Munson Health
 
Related Information
Health Library
Opioid Addiction

Back to Document

by McCoy K
 

Risk Factors

Opioid addiction is more common in males and people under 30 years old (risk of addiction decreases as age increases). Other factors that may increase your chance of opioid addiction include:
Physical dependence may contribute to the development and continuance of addiction. Physical dependence is when your body needs a drug to function normally. Withdrawal symptoms when the medicine is stopped or reduced can be a sign of physical dependence. Withdrawal symptoms can be intense and include nausea, vomiting, and sweating. It can make cessation of drug use difficult. Physical dependence may occur with abuse or with long term proper use of medications.
 

Treatment

Talk with your doctor about the best treatment plan for you. Treatment options include:

Rehabilitation Programs

Rehabilitation programs can be inpatient or outpatient. Inpatient rehab involves staying in a controlled environment from several weeks up to one year, depending on nature of addiction and factors that contribute to the addiction. Before going home, some inpatients reside at half-way houses where they can slowly regain their independence. Outpatient rehab can also last up to a year, but you can live at home. Outpatients make frequent visits to clinics for treatment.
Components of all rehab involves:
  • Detoxification and controlled withdrawal with medication
  • Treatment for other psychological conditions
  • Counseling and support

Support Groups

Narcotics Anonymous is a twelve-step program that help support people who are recovering from addiction to opioid drugs.

Behavioral Therapy

Behavioral therapy is designed to modify people’s attitudes and behaviors related to opioid abuse. In therapy, you will learn how to avoid and cope with situations in which you are most likely to use drugs, and avoid situations that may cause relapse. Therapy sessions may include individual, group, or family counseling.

Medications

Certain medications can be used to treat opioid dependence and addiction. They may be used during detoxification to reduce withdrawal symptoms. They may also be continued through maintenance to decrease craving and reduce the risk of relapse. They are given as a part of an overall treatment approach including counseling. Common medication options include:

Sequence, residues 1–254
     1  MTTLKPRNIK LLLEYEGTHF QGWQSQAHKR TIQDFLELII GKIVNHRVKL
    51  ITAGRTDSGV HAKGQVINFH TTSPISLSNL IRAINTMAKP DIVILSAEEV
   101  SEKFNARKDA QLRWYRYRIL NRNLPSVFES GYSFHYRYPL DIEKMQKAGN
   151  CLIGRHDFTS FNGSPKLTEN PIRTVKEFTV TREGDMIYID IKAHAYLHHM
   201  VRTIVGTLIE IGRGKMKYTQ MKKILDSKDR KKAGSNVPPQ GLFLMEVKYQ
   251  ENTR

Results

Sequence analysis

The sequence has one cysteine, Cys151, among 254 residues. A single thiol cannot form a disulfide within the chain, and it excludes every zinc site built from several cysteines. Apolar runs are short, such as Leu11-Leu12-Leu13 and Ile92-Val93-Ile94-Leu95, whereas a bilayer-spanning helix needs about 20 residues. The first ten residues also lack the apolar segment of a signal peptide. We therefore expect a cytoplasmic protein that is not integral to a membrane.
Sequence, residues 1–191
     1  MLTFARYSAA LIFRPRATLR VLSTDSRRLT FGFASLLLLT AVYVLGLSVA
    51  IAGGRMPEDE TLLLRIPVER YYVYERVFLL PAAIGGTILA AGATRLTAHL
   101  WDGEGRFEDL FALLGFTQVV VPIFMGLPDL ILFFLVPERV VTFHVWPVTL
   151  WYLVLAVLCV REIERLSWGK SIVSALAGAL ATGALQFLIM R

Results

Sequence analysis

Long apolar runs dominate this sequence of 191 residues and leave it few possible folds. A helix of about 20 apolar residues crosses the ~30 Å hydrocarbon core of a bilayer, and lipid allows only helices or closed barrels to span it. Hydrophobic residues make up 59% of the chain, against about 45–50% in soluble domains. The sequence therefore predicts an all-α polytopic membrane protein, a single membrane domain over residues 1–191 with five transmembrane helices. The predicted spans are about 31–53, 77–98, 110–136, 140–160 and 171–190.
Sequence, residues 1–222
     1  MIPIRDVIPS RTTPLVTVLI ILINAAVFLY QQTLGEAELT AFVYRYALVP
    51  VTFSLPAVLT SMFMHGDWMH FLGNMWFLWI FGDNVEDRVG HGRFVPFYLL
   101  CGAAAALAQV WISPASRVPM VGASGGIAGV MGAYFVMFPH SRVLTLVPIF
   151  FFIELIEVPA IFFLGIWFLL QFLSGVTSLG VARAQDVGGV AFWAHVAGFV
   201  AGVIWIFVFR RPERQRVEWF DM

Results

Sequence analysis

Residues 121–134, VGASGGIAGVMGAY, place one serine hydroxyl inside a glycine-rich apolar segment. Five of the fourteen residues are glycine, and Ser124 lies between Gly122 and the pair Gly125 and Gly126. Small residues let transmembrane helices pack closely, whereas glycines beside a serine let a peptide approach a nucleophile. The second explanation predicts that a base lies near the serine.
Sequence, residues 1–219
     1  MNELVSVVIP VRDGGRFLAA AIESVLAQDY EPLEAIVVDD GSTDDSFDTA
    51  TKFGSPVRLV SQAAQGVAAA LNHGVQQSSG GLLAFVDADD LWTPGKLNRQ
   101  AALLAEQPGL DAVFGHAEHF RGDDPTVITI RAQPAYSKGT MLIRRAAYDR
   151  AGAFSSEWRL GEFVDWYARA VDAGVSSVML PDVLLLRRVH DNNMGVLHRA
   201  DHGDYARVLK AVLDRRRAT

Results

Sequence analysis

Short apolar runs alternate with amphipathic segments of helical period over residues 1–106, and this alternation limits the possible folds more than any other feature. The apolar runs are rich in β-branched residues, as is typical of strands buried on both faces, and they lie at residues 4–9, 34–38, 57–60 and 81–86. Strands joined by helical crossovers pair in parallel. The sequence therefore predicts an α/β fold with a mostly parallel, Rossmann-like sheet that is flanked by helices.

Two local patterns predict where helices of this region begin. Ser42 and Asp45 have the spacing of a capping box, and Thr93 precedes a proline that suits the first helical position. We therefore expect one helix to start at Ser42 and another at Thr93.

• Methadone
  • Buprenorphine
  • Naltrexone
  • Buprenorphine/naloxone (Suboxone)
The choice of medication will depend on drugs involved in addiction, your medical history, and recovery commitment.
Other medications may be needed to treat underlying issues, such as depression or anxiety. These medications may help you on your way to a full and productive life as well as prevent relapse.
 

RESOURCES

American Academy of Family Physicians Family Doctor
http://familydoctor.org

National Institute on Drug Abuse
http://www.drugabuse.gov

 

CANADIAN RESOURCES

Canadian Centre on Substance Abuse
http://www.ccsa.ca

The Council on Drug Abuse
http://drugabuse.ca

 

References


Drug facts: Treatment approaches to drug addiction. National Institute on Drug Abuse website. Available at: http://www.drugabuse.gov/publications/drugfacts/treatment-approaches-drug-addiction . Updated September 2009. Accessed March 13, 2013.


Edlund M, Steffick D, Hudson T, Harris T, Sullivan M. Risk factors for clinically recognized opioid abuse and dependence among veterans using opioids for chronic non-cancer pain. Pain . 2007;129(3):355-362.


Hall W, Doran C, Degenhardt L, et al. Illicit opiate abuse. National Center for Biotechnology Information website. Available at: http://www.ncbi.nlm.nih.gov/books/bv.fcgi?rid=dcp2.section.7003 . Published 2006. Accessed March 11, 2013.


Opiate addiction treatment programs. Addiction-Treatment website. Available at: http://www.addiction-treatment.com/research/opiate/ . Accessed March 11, 2013.


Opioid abuse or dependence. EBSCO DynaMed website. Available at: http://www.ebscohost.com/dynamed/what . Updated February 15, 2013. Accessed March 11, 2013.


Opioid addiction. American Academy of Family Physicians Family Doctor website. Available at: http://familydoctor.org/familydoctor/en/diseases-conditions/opioid-addiction.html . Updated January 2011. Accessed March 11, 2013.


Opioid withdrawal. EBSCO DynaMed website. Available at: http://www.ebscohost.com/dynamed/what . Updated July 13, 2011. Accessed March 11, 2013.


Praveen KT, Law F, O'Shea J, et al. Opioid dependence. Am Fam Physcian . 2012;86(6):565-566.


Prescription drug addiction. EBSCO Health Library website. EBSCO Health Library website. Available at: http://www.ebscohost.com/healthlibrary . Updated December 2011. Accessed March 11, 2013.


The Science of Addiction. National Institute on Drug Abuse website. Available at: http://www.drugabuse.gov/sites/default/files/sciofaddiction.pdf . Updated August 2010. Accessed March 11, 2013.


Types of treatment programs. Principle of drug addiction treatment: A researched-based guide. National Institute on Drug Abuse website. Available at: http://www.drugabuse.gov/publications/principles-drug-addiction-treatment-research-based-guide-third-edition/drug-addiction-treatment-in-united-states/types-treatment-programs . Updated December 2012. Accessed March 11, 2013.

 

Revision Information